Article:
NPS Profile: Keeping our bears wild

Historic entrance sign to Smokies.

As seen in this photo, 5-14 people on average were bitten, scratched, or otherwise harmed by bears annually in the Smokies.

NPS historic photo.

In the early days of Great Smoky Mountains National Park, rangers gauged bear management success by the number of visitors injured each year. People bitten by bears weren’t the only ones suffering from this contact: bears learned to connect humans to food, and approached people in campgrounds and picnic areas. In some years, dozens of “nuisance” bears that had invaded human space were moved or even killed.

Gradually, as attitudes throughout the park service changed, it became clear that management needed to shift from being reactive (managing bears after a problem) to proactive (managing bears and people prior to problems). While it was easy to blame nuisance bears on visitors feeding them (and many in the Smokies still did, often through chain link fences installed on backcountry shelters), the issue was bigger than that.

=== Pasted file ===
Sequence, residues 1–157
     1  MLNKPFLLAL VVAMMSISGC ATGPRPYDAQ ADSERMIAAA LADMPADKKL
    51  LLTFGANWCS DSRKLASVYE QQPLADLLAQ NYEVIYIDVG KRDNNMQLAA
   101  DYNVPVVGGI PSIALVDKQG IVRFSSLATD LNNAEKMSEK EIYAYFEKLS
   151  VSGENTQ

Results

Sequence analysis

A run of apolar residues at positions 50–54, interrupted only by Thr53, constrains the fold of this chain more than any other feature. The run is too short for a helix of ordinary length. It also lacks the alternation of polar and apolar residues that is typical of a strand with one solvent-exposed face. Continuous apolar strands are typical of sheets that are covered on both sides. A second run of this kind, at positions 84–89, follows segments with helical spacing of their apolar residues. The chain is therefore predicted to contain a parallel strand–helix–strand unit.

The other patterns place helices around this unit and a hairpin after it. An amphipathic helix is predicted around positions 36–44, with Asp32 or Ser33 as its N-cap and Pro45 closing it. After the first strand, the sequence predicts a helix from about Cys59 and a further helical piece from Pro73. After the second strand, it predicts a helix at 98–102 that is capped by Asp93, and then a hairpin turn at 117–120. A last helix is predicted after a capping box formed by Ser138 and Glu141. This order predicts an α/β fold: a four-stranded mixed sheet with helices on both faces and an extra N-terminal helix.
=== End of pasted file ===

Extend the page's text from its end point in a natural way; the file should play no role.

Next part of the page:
Other factors in bear problems included unclear rules about (or consequences for) feeding bears, trash piled next to overfilled trash cans, food scraps left in fire rings, and visitors who left picnic goodies unattended on tables. This wasn’t acceptable to managers; as biologist Kim Delozier said, “If we have to move or kill a bear, we’ve failed” somewhere along the line in not preparing for possible problems. Wildlife management in the Smokies was about to change.

Go to page 2: a bear management success story at Chimneys Picnic Area.

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